Difference between revisions of "Horizontal Situation Indicator"
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[[Category:Piper PA34-200T Seneca II]]
[[Category:Piper PA34-200T Seneca II]]
Revision as of 13:57, 23 September 2009
- 1 General Description
- 2 Indicators
HSI is the acronym for Horizontal Situation Indicator. Sometimes it is also called Pictorial Navigation Indicator. It combines a standard Directional Gyro (DG) and Course Deviation Indicator (CDI) into one single instrument and reduces the pilots workload by displaying the aircraft's heading and position relative to a desired course in a compact manner.
The well known drift of a standard Directional Gyro is usually compensated by the use of a slaved gyro system that constantly corrects the heading indication.
The purpose of this document is to briefly describe the indicators and the usage of a HSI instrument.
Compass Card / Compass Rose
The Compass Card (1) is driven by the internal gyro. It shows the magnetic heading of the aircraft. Drift errors like in standard Directional Gyro are automatically corrected when in slaved mode.
The number on the Compass Card (1) under the Lubber Line (2) shows the current aircraft magnetic heading.
NAV Warning Flag
The red NAV Warning Flag (3) indicates, that either CDI or the GS indicators are unreliable. It is driven by the signal quality of the received nav station. Do not use the CDI or GS indicators for navigation when the NAV Warning Flag is visible.
HDG Warning Flag
The red HDG Warning Flag (4) becomes visible when the speed of the directional gyro is to low. Beware that there may occur compass failures that are not indicated by the HDG Warning Flag, so compare the indicated heading with the magnetic compass on a regular basis. If the HSI is part of a slaved gyro system, the HDG Waring Flag also appears if the gyro has lost synchronization with the master. On a KCS55 this will happen, if a offset of more than 3 degrees is detected between earth magnetic field and the gyro indication. It also shows up, if the slaved gyro system is switch to manual mode.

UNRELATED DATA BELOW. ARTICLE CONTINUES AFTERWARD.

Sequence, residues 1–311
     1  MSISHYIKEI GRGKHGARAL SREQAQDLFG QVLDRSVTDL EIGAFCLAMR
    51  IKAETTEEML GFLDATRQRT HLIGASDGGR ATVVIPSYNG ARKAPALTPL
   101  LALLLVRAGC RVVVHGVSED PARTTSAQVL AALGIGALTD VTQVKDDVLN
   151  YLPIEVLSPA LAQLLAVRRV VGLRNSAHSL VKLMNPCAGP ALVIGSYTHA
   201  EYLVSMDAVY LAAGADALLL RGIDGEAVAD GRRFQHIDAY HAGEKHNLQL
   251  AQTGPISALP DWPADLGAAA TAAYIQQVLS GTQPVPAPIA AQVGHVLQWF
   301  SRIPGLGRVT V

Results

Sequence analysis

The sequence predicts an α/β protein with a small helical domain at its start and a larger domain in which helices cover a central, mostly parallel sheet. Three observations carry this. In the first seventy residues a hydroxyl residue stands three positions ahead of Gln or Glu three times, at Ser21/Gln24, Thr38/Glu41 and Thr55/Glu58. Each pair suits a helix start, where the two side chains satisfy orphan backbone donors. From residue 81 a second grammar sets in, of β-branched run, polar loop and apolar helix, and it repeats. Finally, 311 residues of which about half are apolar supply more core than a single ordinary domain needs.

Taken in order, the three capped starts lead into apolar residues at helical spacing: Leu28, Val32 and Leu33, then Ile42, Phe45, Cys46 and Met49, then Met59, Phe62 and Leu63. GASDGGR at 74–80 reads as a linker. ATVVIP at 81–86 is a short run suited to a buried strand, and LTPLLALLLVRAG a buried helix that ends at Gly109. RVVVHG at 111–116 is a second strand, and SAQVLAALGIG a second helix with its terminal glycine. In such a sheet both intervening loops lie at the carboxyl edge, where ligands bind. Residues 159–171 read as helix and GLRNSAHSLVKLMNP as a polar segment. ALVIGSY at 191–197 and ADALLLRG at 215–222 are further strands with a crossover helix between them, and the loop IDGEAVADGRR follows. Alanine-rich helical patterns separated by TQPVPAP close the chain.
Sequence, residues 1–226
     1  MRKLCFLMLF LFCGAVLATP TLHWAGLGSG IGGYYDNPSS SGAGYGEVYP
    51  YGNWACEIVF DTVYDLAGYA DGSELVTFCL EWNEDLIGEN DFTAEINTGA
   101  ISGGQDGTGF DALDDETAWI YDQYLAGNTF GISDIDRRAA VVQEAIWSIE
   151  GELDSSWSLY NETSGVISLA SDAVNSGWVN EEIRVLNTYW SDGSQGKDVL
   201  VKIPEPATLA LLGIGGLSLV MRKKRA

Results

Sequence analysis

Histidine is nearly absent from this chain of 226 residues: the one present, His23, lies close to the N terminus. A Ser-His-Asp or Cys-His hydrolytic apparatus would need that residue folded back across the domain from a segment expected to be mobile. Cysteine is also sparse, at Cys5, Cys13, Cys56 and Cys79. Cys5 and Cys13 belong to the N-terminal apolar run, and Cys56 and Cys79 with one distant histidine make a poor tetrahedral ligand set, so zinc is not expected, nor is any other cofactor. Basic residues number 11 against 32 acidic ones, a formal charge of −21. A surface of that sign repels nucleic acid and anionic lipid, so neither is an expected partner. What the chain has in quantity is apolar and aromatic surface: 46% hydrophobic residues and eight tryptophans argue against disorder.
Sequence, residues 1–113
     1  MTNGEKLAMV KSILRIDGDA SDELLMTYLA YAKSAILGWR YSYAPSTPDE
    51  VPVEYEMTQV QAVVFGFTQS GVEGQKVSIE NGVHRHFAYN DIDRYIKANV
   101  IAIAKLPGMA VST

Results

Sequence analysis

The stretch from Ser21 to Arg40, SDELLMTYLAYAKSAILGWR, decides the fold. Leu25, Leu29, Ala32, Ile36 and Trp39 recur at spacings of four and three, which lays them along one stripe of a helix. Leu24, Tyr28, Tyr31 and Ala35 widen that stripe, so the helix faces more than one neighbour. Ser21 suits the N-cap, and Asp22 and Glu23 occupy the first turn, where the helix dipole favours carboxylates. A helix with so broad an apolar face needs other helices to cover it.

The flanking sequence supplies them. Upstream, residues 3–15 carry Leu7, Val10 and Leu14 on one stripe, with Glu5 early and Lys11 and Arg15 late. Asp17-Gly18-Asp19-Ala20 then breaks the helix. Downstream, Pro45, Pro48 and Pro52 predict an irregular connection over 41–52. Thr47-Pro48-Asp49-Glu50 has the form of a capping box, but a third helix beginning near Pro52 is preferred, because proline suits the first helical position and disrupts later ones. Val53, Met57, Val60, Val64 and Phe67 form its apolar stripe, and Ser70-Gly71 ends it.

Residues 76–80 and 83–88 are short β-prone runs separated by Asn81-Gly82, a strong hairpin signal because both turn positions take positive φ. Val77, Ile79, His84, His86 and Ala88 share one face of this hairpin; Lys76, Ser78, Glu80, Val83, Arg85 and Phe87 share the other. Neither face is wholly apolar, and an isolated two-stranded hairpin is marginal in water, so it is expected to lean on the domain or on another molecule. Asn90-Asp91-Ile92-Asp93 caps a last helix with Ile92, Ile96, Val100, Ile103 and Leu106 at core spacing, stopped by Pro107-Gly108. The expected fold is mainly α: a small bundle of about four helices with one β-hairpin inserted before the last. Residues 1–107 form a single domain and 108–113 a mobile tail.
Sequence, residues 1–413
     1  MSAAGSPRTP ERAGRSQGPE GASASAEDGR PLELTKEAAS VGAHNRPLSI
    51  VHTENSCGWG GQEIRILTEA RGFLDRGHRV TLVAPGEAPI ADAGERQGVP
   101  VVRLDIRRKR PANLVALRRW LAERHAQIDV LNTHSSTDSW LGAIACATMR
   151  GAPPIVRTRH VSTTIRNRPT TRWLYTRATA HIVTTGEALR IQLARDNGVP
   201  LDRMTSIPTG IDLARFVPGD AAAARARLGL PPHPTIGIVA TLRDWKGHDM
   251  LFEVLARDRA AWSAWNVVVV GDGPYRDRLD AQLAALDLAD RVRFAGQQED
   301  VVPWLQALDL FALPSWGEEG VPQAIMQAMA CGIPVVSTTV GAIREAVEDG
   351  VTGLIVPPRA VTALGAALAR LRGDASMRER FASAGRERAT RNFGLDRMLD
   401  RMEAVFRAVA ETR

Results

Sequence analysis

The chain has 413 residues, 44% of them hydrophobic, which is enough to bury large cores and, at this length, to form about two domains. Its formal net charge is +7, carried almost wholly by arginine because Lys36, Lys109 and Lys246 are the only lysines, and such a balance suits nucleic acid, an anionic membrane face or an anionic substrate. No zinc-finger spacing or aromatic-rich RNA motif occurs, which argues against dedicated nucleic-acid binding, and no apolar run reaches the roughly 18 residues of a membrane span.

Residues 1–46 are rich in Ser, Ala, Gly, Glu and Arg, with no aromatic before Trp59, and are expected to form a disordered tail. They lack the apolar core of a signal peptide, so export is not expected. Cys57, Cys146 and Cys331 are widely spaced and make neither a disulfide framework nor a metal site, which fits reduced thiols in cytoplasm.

Heading Select Bug
The orange Heading Select Bug (5) indicates the heading you (the pilot) wants to fly. It may be coupled to the autopilot so can provide the "Heading Select" function. The autopilot will try to maintain the heading indicated by the Heading Select Bug. The Heading Bug can be adjusted by the Heading Select Knob (11)
Course Deviation Bar
Like a standard Course Deviation Indicator (CDI) the Course Deviation Bar (6) shows how far the aircraft is off the selected course. When the bar is in line with the yellow arrow head and tail the aircraft is exactly on the selected course. When the bar moves to the right when looking in the direction of the arrow, the desired course is on the right (with respect to the aircraft's heading). The scale under the bar shows how far off course the aircraft is. In VOR navigation, each dot corresponds to a deviation of two degrees, allowing a total of +/- 10 degrees. During the reception of a LOC signal each dot on the CDI scale corresponds to a deviation of 0.5 degrees, a full deflection is 2.5 degrees off course. The advantage to a standard CDI is, that the entire indicator rotates with the Compass Card, giving the pilot a pictorial symbolic view of the relationship of the aircraft's heading, the selected course and the current position.
Course Select Pointer / Cursor
The Course Select Pointer (7), often simply called Cursor, is set by the pilot using the Course Select Knob (10) to the desired VOR or LOC course which is shown under the head of the arrow while the tail marks the reciprocal course.
Two white triangles (8) nead the center of the display indicate, whether the selected course is to or from the tuned VOR. They correspond to the "To" and "From" flag of a standard CDI display. There is either only the "To" or only the "From" or no flag at all in the view. One will never see both flags like in the descriptive image on the right.
The Glideslope Pointer (9) come into view when a glideslope signal is being received during a ILS approach and the aircraft's position is within the defined range and slope of the glideslope signal. This is a very sensitive display. A full deflection correspons to a 1.4 degrees difference in the glideslope. A one dot indication showing a deviation of only 0.35 degrees off the glide slope.
Course Select Knob
Use the Course Select Knob (10) to turn the Course Select Pointer (7) to match the desired course on the Compass Card (1). This knob has the same function as the OBS knob on a standard CDI.
Heading Select Knob
The Heading Select Knob (11) moves the Heading Bug (5) to the desired heading on the Compass Card (1)